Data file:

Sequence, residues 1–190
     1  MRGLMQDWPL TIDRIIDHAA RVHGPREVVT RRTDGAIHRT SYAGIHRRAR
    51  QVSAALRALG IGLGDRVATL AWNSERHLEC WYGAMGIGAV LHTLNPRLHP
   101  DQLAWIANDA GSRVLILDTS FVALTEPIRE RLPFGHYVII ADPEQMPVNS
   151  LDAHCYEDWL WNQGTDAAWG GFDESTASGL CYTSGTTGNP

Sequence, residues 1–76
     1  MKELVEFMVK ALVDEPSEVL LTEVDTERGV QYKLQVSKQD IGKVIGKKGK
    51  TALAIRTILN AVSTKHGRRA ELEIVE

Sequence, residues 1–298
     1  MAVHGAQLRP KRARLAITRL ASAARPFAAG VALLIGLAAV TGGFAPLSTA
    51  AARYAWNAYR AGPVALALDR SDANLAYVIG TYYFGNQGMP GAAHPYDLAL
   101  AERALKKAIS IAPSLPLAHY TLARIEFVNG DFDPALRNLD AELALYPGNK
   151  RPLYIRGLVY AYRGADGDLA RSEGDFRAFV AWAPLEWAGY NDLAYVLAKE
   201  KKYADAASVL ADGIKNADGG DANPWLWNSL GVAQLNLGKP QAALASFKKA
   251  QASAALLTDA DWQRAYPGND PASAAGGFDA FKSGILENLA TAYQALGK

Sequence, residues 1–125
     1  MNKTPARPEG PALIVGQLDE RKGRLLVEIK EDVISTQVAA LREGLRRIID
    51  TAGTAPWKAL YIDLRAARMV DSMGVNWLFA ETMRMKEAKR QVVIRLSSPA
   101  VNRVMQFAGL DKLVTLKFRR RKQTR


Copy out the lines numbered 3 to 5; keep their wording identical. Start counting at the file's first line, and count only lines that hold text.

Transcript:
    51  QVSAALRALG IGLGDRVATL AWNSERHLEC WYGAMGIGAV LHTLNPRLHP
   101  DQLAWIANDA GSRVLILDTS FVALTEPIRE RLPFGHYVII ADPEQMPVNS
   151  LDAHCYEDWL WNQGTDAAWG GFDESTASGL CYTSGTTGNP